What we have said about the state defendants applies to the federal defendants. However, EPIC's complaint also prayed that the federal defendants be enjoined "from continuing to improperly delegate responsibility under the ESA to the state defendants through application of an incomplete cooperative agreement."3 EPIC argues that it thus sought injunctive relief far beyond simply enjoining PALCO's timber harvest plan. It sought, it says, to compel the federal defendants to carry out a panoply of responsibilities in regard to the marbled murrelet, including designation of its critical habitat, issuance of regulations, development of recovery plans, and acquisition of land containing its habitat.
Even if EPIC's claim against the federal defendants can be so broadly viewed, the order dismissing them is not reviewable under Sec. 1292(a)(1) because EPIC has not pointed to any "serious, perhaps irreparable, consequence" it might sustain other than the destruction of the Owl Creek habitat, which the district court retained authority to permanently enjoin by allowing EPIC's ESA claim against PALCO to go forward and by issuing a preliminary injunction. If EPIC truly sought massive federal court intervention to preclude wrongful future actions, that phase of its complaint could await the normal appeal process.
B. Collateral Order Doctrine
An order is appealable under the collateral order doctrine of Cohen v. Beneficial Indus. Loan Corp., 337 U.S. 541, 69 S. Ct. 1221, 93 L. Ed. 1528 (1949), only if it (1) conclusively determines the disputed question; (2) resolves an important issue completely separate from the merits of the action; and (3) is effectively unreviewable on appeal from a final judgment. Federal Land Bank v. L.R. Ranch Co., 926 F.2d 859, 862 (9th Cir. 1991). "Failure to meet any of these three elements is fatal." Branson v. City of Los Angeles, 912 F.2d 334, 335 (9th Cir. 1990).
The district court's dismissal of EPIC's CESA claim against PALCO is not "completely separate" from the merits of the action. CESA and ESA, although not identical, each concern the protection of threatened and endangered species. The district court allowed EPIC's ESA claim against PALCO to go forward, and each claim sought the same relief--cessation of the Owl Creek timber harvesting plan. Because EPIC's CESA claim against PALCO is closely related to the merits of its ESA claim, it is not "collateral."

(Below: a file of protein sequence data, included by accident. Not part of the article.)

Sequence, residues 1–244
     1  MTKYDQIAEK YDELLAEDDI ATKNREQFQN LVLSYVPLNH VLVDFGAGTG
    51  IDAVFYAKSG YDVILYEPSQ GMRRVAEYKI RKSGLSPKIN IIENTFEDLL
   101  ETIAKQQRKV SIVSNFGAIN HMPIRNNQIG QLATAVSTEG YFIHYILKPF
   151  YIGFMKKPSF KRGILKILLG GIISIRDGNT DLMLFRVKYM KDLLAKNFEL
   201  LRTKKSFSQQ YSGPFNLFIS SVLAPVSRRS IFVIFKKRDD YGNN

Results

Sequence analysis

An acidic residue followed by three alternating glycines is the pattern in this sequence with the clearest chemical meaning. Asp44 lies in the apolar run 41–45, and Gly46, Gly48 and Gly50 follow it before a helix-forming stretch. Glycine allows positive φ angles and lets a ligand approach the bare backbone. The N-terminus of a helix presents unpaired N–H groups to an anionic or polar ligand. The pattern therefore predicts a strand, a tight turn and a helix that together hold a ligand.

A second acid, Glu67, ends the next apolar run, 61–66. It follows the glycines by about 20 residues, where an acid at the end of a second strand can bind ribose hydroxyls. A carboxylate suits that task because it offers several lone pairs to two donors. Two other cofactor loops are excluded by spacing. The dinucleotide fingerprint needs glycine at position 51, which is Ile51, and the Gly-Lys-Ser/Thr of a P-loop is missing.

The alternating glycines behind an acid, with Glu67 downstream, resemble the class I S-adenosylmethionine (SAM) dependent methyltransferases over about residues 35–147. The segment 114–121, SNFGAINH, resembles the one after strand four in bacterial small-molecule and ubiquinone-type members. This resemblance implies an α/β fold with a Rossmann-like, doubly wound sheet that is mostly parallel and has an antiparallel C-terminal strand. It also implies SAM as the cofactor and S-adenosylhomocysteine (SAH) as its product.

The same is true of the various claims against the state and federal defendants. It is clear that those are not, and cannot be, completely separate from the merits of the remainder of the action against PALCO regarding the THP. Indeed, the question of whether the state and federal defendants have been remiss in the performance of their duties is inextricably bound up with the question of whether PALCO itself should be enjoined from cutting timber. See In re Westwood Shake & Shingle, Inc., 971 F.2d 387, 390 (9th Cir. 1992). Even if the complaint against the federal defendants could assume the greater breadth that EPIC now argues for, that broader issue can be effectively reviewed on appeal from the final judgment.
Because we find that we lack jurisdiction to review EPIC's appeal, we do not reach the merits of its arguments.
Honorable James M. Fitzgerald, Senior United States District Judge, United States District Court for the District of Alaska, sitting by designation
This disposition is not appropriate for publication and may not be cited to or by the courts of this circuit except as provided by Ninth Circuit Rule 36-3
The appellants are collectively referred to as "EPIC."
The district court's dismissal did not dispose of all claims or parties and there was no certification pursuant to Federal Rule of Civil Procedure 54(b)
The third type of injunctive relief EPIC sought in its complaint from the federal defendants was a prohibition on their issuing any "incidental take" permits that did not comply with the provisions of the ESA. Before the district court, PALCO moved to strike this portion of the complaint, and EPIC did not oppose the motion. Accordingly, it was granted by the district court, and EPIC has not challenged that ruling on appeal. Therefore, it is not at issue here